Deputy chair­man of Galaxy En­ter­tain­ment Group Fran­cis Lui said the new com­plex only has two VIP rooms.

“The trend is that we hope to have more busi­ness from the mid­dle class — we feel that this is the new nor­mal,” he said at the casino re­sort’s open­ing.

City Over­loaded

While an­a­lysts agree the push to mass mar­ket is a must, there are sig­nif­i­cant hur­dles be­fore it can re­ally take off.

Ma­cau is home to around 636,000 res­i­dents but vis­i­tor num­bers were 31.5 mil­lion in 2014 — two-thirds of them from main­land China.

“This is a small town and sooner or later you reach a mar­ket ca­pac­ity,” says Ma­cau busi­ness me­dia pub­lisher Paulo Azevedo.

“Public ex­pen­di­ture for in­fra­struc­ture has been lag­ging be­hind.

“It is pos­si­ble for the mass mar­ket to com­pen­sate (for the VIP mar­ket). How­ever, if the town’s not ready to re­ceive more vis­i­tors ... then you will not grow the mass mar­ket.”

The gov­ern­ment has pro­posed cap­ping the num­ber of vis­i­tors from China at the cur­rent level of 21 mil­lion — a set­back for the new re­sorts.

Res­i­dents say life has al­ready been marred by the flood of vis­i­tors and worry about any in­crease in num­bers.

“A lot of the daily items that res­i­dents want to buy are no longer avail­able,” with lo­cal shops re­placed by tourist-friendly stores, 48-year-old restau­rant owner Vong Kam-koc told AFP.

“If you want to ride the bus, you can’t, you can’t ride a taxi — this is a bur­den on Ma­cau, the city has not done enough in pre­par­ing for this.”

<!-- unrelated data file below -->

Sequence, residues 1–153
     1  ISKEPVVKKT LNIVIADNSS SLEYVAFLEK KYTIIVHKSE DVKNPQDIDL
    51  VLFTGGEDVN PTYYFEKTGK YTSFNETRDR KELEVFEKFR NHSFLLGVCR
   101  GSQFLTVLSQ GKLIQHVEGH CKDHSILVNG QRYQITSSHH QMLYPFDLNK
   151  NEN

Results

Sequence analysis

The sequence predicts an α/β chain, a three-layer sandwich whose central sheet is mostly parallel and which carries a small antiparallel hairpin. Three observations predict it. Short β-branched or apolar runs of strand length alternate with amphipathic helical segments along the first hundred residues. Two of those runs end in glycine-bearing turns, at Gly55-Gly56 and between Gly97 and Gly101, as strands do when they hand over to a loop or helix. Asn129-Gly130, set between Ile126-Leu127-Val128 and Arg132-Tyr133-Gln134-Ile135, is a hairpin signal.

Pos­i­tive Step

There is also the prob­lem of main­land tourists ditch­ing Ma­cau, which also has a World Her­itage listed his­toric cen­ter, for des­ti­na­tions fur­ther afield.

“Main­lan­ders are flee­ing Hong Kong and Ma­cau and look­ing for new ex­pe­ri­ences,” a re­port by bro­ker­age CLSA said in April.

“Anti- cor­rup­tion mea­sures, which are here to stay, are ex­ac­er­bat­ing that process,” it said.

The high price of food and ac­com­mo­da­tion are an ad­di­tional de­ter­rent.

“The cost of items here is quite high even when com­pared to Hong Kong,” says ho­tel worker Rayson Chow, vis­it­ing from the south­ern Chi­nese city of Shen­zhen.

Some how­ever, see Ma­cau’s rein­ven­tion as a pos­i­tive new be­gin­ning.

“Be­cause of the casi­nos, it is not proper for chil­dren to come here to play,” said Celia Liu, a 22-year old stu­dent, also from Shen­zhen.

“If you cre­ate other things that are fam­ily friendly, where you can also bring chil­dren or the el­derly along to re­lax, then it would be very good.”

The rein­ing in of jun­kets and big spenders is also seen by some as a plus.

“Where did the VIPs get their money? Are the VIPs cor­rupt of­fi­cials?” said one Ma­cau civil ser­vant in his 50s, who gave his name as Wong.

“I wouldn’t want Ma­cau mak­ing money from th­ese peo­ple.”